During Colorado’s coal mining era, fatalities among colliers were shockingly double the global average, revealing mine owners’ severe safety negligence. Without unions, workers feared dismissal for complaints, as companies provided housing linked to employment. In 1913, the United Mine Workers of America joined Southern Colorado colliers to present seven demands to mine owners, including union recognition, wage hikes, and shorter workdays. A strike ensued in 1913, leading to tent colonies for strikers and tensions with working colliers. Violence escalated, and Governor Ammons called the National Guard, later replaced by coal company gunmen.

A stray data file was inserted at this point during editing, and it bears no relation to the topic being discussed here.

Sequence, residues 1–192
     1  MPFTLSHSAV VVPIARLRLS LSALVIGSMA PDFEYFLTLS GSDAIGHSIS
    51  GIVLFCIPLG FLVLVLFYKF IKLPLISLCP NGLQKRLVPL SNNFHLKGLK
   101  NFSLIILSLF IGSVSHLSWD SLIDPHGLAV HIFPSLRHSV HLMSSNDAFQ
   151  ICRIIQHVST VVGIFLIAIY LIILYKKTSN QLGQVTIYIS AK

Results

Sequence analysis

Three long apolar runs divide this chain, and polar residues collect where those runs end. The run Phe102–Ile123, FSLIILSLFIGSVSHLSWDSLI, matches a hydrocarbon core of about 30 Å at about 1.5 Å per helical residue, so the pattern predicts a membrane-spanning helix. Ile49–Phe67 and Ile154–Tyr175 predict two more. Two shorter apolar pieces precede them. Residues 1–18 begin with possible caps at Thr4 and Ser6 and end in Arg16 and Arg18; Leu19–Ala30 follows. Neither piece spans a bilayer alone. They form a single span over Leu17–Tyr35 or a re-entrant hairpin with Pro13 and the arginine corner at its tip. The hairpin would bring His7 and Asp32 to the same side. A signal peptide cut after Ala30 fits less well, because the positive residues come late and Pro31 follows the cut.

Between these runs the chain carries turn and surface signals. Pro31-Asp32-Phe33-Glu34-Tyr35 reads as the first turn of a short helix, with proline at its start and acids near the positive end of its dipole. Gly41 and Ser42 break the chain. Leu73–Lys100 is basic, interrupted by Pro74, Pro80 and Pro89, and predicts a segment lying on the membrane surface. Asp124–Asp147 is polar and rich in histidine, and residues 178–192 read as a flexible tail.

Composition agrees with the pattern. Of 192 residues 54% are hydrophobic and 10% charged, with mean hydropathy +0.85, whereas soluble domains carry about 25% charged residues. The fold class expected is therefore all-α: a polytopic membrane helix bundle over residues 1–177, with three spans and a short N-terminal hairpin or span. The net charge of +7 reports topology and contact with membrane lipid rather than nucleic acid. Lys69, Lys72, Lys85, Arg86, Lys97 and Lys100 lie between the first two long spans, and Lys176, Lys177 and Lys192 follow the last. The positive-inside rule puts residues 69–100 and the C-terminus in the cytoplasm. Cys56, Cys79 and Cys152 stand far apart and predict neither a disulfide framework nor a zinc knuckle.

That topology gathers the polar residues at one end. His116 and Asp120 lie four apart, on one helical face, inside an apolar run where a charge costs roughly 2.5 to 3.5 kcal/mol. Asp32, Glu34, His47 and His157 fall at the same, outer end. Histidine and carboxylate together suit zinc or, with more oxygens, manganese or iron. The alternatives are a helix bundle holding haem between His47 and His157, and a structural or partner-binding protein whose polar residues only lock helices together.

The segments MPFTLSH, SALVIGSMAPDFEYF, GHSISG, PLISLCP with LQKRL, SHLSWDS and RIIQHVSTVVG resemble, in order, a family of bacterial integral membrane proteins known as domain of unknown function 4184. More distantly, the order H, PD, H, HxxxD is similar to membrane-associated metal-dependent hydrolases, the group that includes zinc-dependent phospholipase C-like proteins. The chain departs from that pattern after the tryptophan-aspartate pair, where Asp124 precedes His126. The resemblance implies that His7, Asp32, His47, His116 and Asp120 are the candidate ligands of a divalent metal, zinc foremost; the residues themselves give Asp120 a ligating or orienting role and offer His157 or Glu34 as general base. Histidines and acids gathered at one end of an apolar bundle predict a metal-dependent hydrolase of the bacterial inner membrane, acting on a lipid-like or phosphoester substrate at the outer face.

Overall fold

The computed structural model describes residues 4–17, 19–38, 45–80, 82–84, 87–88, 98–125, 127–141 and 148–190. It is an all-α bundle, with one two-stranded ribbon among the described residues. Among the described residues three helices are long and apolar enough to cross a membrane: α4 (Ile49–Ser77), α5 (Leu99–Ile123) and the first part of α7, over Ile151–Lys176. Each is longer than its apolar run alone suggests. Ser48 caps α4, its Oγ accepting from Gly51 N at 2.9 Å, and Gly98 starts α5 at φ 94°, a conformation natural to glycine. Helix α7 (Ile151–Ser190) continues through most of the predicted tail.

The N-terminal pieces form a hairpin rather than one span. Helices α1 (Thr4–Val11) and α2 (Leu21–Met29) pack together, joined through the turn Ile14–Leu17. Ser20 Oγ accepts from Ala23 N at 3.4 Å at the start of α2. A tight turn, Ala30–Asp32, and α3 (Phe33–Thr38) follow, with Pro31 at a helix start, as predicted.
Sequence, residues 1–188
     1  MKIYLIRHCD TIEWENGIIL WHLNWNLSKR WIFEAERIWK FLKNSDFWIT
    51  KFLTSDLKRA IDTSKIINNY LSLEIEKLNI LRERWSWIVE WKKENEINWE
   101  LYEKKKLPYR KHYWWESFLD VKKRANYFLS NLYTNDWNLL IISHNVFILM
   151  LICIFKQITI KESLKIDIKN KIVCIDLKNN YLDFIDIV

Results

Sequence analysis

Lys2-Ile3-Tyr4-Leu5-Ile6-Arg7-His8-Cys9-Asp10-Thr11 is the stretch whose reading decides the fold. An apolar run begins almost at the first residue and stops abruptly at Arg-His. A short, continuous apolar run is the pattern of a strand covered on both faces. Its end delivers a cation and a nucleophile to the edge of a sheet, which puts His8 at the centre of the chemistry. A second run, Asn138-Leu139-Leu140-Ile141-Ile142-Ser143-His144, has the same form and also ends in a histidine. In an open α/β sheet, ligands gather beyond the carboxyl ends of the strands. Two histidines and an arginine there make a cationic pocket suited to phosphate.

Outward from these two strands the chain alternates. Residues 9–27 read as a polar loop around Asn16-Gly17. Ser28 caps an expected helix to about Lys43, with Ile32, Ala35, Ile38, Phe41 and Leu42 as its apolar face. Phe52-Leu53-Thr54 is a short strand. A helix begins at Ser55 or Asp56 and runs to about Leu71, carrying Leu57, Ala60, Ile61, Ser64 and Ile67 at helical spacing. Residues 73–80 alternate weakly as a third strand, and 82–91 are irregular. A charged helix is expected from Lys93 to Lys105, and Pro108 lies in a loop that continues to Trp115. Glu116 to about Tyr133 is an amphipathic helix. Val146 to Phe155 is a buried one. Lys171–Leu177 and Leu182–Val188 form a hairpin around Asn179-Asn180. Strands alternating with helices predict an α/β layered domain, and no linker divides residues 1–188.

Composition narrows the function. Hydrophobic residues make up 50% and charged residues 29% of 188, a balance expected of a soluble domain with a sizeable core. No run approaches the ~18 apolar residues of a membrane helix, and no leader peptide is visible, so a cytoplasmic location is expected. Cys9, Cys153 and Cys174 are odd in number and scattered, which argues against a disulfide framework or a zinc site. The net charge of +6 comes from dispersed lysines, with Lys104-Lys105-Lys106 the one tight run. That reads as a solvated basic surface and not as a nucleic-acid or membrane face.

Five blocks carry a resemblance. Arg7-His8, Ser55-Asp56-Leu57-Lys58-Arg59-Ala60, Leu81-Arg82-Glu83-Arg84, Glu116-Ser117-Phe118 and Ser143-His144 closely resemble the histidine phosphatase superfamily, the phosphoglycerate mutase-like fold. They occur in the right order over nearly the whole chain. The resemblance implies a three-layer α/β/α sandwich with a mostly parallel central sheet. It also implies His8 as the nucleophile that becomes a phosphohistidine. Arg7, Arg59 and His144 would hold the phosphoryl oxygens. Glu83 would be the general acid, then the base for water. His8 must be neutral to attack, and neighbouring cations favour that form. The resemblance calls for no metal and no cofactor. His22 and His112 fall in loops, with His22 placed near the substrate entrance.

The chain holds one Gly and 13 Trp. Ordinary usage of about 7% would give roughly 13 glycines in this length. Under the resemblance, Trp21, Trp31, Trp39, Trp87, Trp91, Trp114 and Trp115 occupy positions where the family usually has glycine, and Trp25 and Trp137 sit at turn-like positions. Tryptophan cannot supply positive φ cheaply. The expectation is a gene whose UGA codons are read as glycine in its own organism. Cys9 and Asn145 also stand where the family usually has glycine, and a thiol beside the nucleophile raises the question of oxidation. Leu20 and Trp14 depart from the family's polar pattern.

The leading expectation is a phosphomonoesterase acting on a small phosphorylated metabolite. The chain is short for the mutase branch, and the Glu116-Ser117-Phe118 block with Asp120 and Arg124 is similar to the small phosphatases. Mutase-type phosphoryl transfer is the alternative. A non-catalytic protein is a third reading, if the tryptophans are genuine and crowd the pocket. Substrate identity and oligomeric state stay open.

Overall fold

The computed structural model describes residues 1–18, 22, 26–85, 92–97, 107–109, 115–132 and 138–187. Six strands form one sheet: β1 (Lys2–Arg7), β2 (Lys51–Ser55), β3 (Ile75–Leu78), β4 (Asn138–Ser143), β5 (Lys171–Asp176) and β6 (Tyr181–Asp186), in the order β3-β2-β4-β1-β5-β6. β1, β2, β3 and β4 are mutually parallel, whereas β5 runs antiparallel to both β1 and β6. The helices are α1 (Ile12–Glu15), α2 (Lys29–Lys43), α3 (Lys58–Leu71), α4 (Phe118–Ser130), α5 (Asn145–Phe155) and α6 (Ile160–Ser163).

The Ludlow Massacre in 1914, where soldiers attacked tents, resulted in casualties. Retaliation ensued, known as the Colorado Coalfield War. Federal troops intervened, and the strike ended in 1914. The strike’s legacy prompted reforms, despite the union not gaining recognition, impacting mine conditions and labor relations nationally.